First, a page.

Olive SparrowArremonops rufivirgatus

adult
Greg Lasley/VIREO
adult
Greg Lasley/VIREO

Description

In brushy country of far southern Texas, this plain little sparrow moves about quietly in the undergrowth. With its secretive behavior and soft ticking callnotes, it often goes unnoticed at most seasons; in spring, however, its song of accelerating musical chips may be conspicuous. Despite the name, this bird is probably related more closely to the towhees than to our other sparrows; it often forages like a towhee, using its feet to scratch for food in the leaf-litter.

Habitat

Woodland undergrowth, weedy thickets. In southern Texas, lives in the understory of dense low woods and in areas of low native brush. Farther south in the tropics, inhabits drier woods and semi-open scrub, avoiding humid tropical forest.

Feeding Diet

Probably insects and seeds. Diet is thought to be mainly insects (including caterpillars) and the seeds of wild plants.

Feeding Behavior

Does at least the majority of its feeding on the ground, under dense thickets or near their edges. Often forages rather like a towhee, scratching with its feet among the leaf-litter. Members of a pair may forage together.

Nesting

Little is known of the nesting habits. Birds may remain in pairs or small groups during the winter, separating into isolated pairs in spring. Males sing in spring to defend nesting territories. Nest site is in dense thickets, usually placed in shrub or cactus, typically 2-3' above ground but sometimes up to 5' high. Nest is large for size of bird, a bulky cup with a domed top above it, so that entrance is on the side; made of dry weed stems, grass, twigs, leaves, strips of bark, lined with fine grass and sometimes with hair. Eggs: 3-5, typically 4. Glossy white, unmarked. Incubation period and roles of the parents in incubating are not well known. Young: Probably both parents feed the nestlings. Pairs probably raise 2 broods per year.

Eggs

3-5, typically 4. Glossy white, unmarked. Incubation period and roles of the parents in incubating are not well known. Young: Probably both parents feed the nestlings. Pairs probably raise 2 broods per year.

Young

Probably both parents feed the nestlings. Pairs probably raise 2 broods per year.

Conservation

Undoubtedly has decreased in southern Texas as land has been cleared for farming; still common in remaining habitat.

Range

Apparently a permanent resident throughout its range.

Listen

calls & song fragments
alarm chips
songtype #1
songtype #2

Similar Species

adult

Worm-eating Warbler

A dry trilled song in the undergrowth of deciduous woods in summer announces that the Worm-eating Warbler is at home. Less colorful than most of its relatives, it is also more sluggish, foraging deliberately in the woodland understory or on the ground, probing among dead leaves with its rather long bill. Despite the name, it does not feed on earthworms; it does eat caterpillars, but no more than many other warblers.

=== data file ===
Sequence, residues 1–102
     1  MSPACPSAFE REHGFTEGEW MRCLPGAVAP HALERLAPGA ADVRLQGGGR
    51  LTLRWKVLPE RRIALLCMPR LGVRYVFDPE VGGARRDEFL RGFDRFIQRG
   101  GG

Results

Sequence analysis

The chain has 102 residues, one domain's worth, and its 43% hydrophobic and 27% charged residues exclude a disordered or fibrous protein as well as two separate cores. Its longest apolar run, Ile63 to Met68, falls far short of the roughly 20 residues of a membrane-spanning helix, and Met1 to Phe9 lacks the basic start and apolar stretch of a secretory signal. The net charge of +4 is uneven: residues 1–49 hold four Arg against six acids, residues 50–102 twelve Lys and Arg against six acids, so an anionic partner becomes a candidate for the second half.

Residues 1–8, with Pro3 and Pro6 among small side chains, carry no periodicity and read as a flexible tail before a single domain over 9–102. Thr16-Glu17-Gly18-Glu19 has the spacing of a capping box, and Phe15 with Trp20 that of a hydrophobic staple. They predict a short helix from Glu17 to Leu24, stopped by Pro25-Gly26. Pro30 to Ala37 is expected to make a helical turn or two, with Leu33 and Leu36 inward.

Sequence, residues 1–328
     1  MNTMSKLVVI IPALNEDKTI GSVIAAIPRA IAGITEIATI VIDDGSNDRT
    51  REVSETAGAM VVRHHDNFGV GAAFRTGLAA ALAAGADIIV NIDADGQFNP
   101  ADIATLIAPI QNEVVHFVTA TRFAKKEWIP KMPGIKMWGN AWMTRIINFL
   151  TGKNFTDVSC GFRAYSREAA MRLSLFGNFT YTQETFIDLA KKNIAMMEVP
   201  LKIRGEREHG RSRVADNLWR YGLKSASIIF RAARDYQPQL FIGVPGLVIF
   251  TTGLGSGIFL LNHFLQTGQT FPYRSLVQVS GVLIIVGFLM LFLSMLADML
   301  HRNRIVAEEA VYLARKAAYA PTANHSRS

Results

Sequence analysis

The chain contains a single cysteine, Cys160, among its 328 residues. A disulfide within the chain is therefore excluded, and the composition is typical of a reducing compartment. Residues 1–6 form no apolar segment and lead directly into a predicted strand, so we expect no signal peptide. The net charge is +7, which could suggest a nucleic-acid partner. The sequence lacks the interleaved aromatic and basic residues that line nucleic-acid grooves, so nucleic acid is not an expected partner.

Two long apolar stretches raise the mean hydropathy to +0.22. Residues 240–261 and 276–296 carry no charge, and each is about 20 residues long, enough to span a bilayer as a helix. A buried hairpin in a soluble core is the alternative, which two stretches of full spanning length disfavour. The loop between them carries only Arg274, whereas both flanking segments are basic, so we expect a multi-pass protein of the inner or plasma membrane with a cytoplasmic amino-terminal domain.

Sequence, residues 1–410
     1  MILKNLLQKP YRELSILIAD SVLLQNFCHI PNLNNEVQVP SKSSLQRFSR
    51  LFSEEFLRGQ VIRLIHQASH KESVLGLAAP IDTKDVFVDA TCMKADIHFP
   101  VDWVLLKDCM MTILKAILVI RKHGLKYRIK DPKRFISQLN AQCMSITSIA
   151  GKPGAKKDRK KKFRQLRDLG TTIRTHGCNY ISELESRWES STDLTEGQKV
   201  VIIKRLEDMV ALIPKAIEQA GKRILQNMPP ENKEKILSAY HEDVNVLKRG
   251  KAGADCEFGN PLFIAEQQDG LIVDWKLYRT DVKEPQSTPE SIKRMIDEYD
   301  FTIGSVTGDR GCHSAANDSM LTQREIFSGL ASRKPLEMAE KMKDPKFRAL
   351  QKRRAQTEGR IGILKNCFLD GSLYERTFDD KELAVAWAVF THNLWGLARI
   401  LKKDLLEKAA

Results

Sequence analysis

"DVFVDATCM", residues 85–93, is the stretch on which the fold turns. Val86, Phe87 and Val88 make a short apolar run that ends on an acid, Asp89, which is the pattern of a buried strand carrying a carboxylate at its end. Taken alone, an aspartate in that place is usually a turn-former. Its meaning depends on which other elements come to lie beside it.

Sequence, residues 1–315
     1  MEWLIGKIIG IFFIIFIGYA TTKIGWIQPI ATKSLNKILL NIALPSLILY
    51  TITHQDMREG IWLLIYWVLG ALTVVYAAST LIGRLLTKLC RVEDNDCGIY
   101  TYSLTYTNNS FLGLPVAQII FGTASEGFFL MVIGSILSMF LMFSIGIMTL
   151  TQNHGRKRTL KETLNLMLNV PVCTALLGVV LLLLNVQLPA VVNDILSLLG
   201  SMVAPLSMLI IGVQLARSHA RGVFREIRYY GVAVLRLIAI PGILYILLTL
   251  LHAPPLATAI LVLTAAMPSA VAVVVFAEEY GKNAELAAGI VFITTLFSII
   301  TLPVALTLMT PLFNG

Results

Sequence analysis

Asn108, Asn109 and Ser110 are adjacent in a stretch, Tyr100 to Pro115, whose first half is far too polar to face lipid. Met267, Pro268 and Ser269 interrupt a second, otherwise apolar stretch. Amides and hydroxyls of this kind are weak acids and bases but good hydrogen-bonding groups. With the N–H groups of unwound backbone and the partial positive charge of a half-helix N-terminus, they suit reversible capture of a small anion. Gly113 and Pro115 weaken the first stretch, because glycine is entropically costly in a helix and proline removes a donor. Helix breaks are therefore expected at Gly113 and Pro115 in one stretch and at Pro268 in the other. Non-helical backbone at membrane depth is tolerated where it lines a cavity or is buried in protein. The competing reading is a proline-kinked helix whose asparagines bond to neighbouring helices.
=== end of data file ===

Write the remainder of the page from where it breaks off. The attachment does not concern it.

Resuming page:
adult

Abert's Towhee

Along streams in the desert Southwest, a sharp pinging note in the thickets announces the presence of Abert's Towhee. If an observer tries to approach, a pair of these towhees may stay just ahead and out of sight, calling in an odd squealing duet when pressed too closely. When undisturbed, they feed on the ground under dense bushes, scratching among the leaf-litter. Many southwestern "specialty birds" have extensive ranges in the tropics, but this towhee barely gets across the border into northwestern Mexico.

adult

Green-tailed Towhee

A catlike mewing call in the bushes may reveal the presence of the Green-tailed Towhee. Fairly common in western mountains in summer, this bird spends most of its time in dense low thickets, where it forages on the ground. Like other towhees, it scratches in the leaf-litter with both feet as it searches for food. It sometimes wanders east in fall, and strays may show up at bird feeders in winter as far east as the Atlantic Coast.

adult

California Towhee

Along the Pacific seaboard from southern Oregon to Baja, this plain brown bird is a common denizen of brushy places, from wild chaparral hillsides to the borders of gardens and city parks. California Towhees sometimes hide in the shrubbery, where they may be noticed mainly by their sharp callnotes and the squealing duets of mated pairs. At other times they come out on open ground, to scratch in the leaf-litter with both feet as they search for food.

adult

Canyon Towhee

In dry foothills and canyons in the interior of the Southwest, Canyon Towhees are common in the low brush. They spend most of their time on or near the ground, often scratching in the soil with both feet as they search for food. This bird and the California Towhee were once regarded as the same species, under the name of "Brown Towhee," but their voices are very different.

Vireo

iPad Promo